Good Reading Magazine – September 2020

The September issue of Good Reading magazine is ready for you to enjoy through Blue Mountains Library!

This Month

DISCOVER Kate Mildenhall’s new book, The Mother Fault, where she paints a prescient picture of motherhood in a dystopian Australia

MEET Paul Dalgarno who discusses his debut novel, Poly, and his favourite books, places to read and his ideal dinner party

CHECK OUT two new historical novels; The Wreck by Meg Keneally set in convict era Sydney and The Women’s Pages by Victoria Purman about Australian women who rose up the ranks in World War II

READ extracts from some new non-fiction books including The Miracle Typist by Leon Silver and Bush School by Peter O’Brien

ENTER the competitions! You could win one of SIX different exciting books

FIND your next great read with the latest independent book reviews


You can borrow Good Reading from the library or access the digital subscription right here, right now, with your library card.

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Carolyn’s Books of the Month – September

Best Read: The Inheritance of Secrets Sonya Bates

A brutal murder. A wartime promise. A quest for the truth. Kate Furnivall meets Caroline Overington in a gripping, page-turning mystery. No matter how far you run, the past will always find you. Juliet’s elderly grandparents are killed in their Adelaide home. Who would commit such a heinous crime – and why? The only clue is her grandfather Karl’s missing signet ring. When Juliet’s estranged sister, Lily, returns in fear for her life, Juliet suspects something far more sinister than a simple break-in gone wrong. Before Juliet can get any answers, Lily vanishes once more. What secrets did Karl Weiss have that could have led to his murder? A German soldier who migrated to Adelaide, Juliet knew Karl as a loving grandfather. Is it possible he was hiding a dark past? While attempting to find out, Juliet uncovers some disturbing secrets from WWII Germany that will put both her and her sister’s lives in danger .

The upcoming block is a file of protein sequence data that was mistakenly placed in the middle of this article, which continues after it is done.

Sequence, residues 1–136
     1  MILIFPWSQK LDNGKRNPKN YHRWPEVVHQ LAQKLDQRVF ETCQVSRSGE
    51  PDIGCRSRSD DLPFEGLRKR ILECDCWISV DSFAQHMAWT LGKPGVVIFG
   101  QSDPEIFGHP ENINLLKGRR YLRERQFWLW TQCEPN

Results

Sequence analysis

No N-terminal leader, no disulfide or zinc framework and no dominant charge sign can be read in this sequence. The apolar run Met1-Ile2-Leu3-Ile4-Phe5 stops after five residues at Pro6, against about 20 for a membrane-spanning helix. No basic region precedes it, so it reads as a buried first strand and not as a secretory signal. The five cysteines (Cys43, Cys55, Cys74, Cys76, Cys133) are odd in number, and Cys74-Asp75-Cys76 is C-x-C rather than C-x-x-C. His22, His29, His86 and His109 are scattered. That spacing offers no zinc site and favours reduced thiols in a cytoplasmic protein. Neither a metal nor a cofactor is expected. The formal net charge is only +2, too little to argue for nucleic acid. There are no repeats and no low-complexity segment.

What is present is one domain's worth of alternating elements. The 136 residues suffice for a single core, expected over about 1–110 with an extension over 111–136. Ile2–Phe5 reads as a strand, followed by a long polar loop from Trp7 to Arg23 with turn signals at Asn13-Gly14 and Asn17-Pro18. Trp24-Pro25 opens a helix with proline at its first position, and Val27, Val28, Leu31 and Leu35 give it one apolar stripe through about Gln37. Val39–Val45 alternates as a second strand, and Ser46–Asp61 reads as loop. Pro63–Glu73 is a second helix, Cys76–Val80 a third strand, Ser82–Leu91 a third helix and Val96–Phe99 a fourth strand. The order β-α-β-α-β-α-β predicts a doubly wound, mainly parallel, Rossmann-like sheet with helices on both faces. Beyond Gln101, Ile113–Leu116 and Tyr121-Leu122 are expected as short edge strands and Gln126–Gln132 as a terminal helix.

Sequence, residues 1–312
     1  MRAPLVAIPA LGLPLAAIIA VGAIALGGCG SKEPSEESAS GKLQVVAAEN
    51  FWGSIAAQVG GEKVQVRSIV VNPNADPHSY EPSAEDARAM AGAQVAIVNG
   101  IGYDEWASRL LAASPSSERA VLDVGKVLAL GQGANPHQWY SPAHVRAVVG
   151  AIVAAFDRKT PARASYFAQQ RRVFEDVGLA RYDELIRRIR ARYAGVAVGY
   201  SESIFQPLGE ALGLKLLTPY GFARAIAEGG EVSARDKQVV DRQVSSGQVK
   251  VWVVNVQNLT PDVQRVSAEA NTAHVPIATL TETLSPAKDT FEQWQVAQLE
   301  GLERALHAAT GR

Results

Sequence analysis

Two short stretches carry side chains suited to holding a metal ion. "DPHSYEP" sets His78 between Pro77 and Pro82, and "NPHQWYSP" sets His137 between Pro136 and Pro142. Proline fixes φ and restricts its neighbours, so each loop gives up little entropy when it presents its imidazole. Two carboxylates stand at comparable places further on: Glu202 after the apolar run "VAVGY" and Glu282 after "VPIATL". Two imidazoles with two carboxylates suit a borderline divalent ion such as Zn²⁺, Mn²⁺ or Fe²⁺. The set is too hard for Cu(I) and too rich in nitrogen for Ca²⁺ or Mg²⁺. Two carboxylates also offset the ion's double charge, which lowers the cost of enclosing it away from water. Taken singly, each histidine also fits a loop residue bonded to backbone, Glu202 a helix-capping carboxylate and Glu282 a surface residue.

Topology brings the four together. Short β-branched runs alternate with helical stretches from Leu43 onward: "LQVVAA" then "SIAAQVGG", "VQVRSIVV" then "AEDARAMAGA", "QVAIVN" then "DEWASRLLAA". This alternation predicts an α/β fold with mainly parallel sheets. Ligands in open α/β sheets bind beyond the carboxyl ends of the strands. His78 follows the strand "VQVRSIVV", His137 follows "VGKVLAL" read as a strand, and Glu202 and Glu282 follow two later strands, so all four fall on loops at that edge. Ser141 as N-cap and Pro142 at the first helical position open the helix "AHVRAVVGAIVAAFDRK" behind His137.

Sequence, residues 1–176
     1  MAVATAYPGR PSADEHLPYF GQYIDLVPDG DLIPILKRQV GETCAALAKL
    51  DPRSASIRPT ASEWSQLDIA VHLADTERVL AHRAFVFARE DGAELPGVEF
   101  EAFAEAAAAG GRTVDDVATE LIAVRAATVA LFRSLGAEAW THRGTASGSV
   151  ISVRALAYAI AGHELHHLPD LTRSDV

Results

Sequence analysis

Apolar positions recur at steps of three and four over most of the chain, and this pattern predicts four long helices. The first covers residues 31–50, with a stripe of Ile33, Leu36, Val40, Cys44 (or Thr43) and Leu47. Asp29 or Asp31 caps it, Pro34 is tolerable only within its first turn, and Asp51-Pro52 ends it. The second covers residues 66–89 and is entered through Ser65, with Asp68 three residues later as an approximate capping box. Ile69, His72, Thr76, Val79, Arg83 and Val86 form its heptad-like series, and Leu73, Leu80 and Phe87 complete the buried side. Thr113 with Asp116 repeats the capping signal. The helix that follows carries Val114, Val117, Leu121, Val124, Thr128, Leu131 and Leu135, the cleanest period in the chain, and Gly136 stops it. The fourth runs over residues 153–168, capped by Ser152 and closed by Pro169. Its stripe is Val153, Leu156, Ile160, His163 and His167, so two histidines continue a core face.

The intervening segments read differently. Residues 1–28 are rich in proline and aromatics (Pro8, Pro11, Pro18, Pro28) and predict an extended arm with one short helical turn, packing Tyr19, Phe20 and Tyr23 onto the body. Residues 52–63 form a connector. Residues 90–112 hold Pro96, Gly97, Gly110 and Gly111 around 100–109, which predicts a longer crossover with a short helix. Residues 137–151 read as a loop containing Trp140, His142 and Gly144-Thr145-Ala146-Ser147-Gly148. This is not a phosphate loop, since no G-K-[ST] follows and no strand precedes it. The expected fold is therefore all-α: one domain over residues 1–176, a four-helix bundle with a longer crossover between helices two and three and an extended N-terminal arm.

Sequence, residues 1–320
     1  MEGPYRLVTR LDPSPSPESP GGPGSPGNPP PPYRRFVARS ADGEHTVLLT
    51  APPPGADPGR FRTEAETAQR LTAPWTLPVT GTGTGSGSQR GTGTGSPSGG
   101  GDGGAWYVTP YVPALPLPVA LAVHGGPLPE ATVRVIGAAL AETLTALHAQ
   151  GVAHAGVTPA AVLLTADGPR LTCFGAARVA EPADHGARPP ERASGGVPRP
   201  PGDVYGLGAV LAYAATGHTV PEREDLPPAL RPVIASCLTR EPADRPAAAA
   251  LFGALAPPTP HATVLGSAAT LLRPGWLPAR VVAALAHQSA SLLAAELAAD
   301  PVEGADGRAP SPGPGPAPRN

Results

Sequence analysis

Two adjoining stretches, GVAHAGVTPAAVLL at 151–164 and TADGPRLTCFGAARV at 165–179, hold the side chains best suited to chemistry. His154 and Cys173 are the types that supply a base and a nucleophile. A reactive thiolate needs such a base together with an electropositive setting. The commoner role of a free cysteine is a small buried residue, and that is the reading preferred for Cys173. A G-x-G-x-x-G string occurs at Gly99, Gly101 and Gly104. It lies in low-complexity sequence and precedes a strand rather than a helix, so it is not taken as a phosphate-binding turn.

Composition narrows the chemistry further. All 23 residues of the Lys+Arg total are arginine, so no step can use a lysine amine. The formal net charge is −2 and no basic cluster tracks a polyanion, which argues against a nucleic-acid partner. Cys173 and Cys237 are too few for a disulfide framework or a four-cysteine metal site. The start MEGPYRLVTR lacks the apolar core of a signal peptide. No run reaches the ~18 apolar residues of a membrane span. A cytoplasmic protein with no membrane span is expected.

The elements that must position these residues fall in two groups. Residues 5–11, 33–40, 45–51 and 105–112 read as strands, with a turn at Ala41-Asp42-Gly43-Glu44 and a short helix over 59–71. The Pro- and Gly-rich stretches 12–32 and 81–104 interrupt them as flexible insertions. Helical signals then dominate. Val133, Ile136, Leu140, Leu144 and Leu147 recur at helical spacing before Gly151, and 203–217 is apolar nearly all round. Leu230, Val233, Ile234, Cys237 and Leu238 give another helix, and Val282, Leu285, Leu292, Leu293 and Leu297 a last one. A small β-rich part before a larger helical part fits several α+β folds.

Crime: The Sinner by Martyn Waites

Tom Killgannon, ex-undercover police officer and now in witness protection, is recalled to active service by his handler, DS Sheridan. His mission is to befriend notorious child killer Noel Cunningham and find out where he buried the bodies of his victims. The only problem is that Tom has to obtain that information from within Blackmoor prison itself. Undercover and with only DS Sheridan knowing he is there, Tom soon runs into danger. In the prison is convicted gangster Dean Foley. He used to run Manchester’s biggest gang, until Tom’s testimony put him away for life. He recognises Tom, and so begins a cat-and-mouse game as Tom fights for survival before Foley can get his revenge. But why can’t Tom reach DS Sheridan and what is the real reason that he has been sent to Blackmoor prison?

Australian Author: Riptides by Kirsten Alexander

Set in Queensland during a time of tremendous social upheaval, Riptides is a gripping family drama about dreams, choices and consequences. December 1974. Abby Campbell and her brother Charlie are driving to their father’s farm on a dark country road when they swerve into the path of another car, forcing it into a tree. The pregnant driver is killed instantly. In the heat of the moment, Abby and Charlie make a fateful decision. They flee, hoping heavy rain will erase the fact they were there. They both have too much to lose. The pair have no idea who they’ve just killed or how many lives will be affected by her death. Soon the truth is like a riptide they can’t escape, as their terrible secret pulls them down deeper by the day

General: The Paris Model by Alexandra Joel

After a shocking discovery, Grace Woods leaves her vast Australian sheep station and travels to tumultuous post-war Paris in order to find her true identity. While working as a mannequin for Christian Dior, the world’s newly-acclaimed emperor of fashion, Grace mixes with counts and princesses, authors and artists, diplomats and politicians. But when Grace falls for handsome Philippe Boyer, she doesn’t know that he is leading a double life, nor that his past might inflict devastating consequences upon her. As she is drawn into Philippe’s dangerous world of international espionage, Grace discovers both the shattering truth of her origins — and that her life is in peril.

Thriller: Mr Nobody by Catherine Steadman

When a man is found on a Norfolk beach, drifting in and out of consciousness, with no identification and unable to speak, interest in him is sparked immediately. From the hospital staff who find themselves inexplicably drawn to him; to international medical experts who are baffled by him; to the national press who call him Mr Nobody; everyone wants answers. Who is this man? And what happened to him? Neuropsychiatrist Dr Emma Lewis is asked to assess the patient. This is her field of expertise, this is the chance she’s been waiting for and this case could make her name known across the world. But therein lies the danger. Emma left this same small town in Norfolk fourteen years ago and has taken great pains to cover all traces of her past since then. But now something – or someone – is calling her back. And the more time she spends with her patient, the more alarmed she becomes. Has she walked into danger?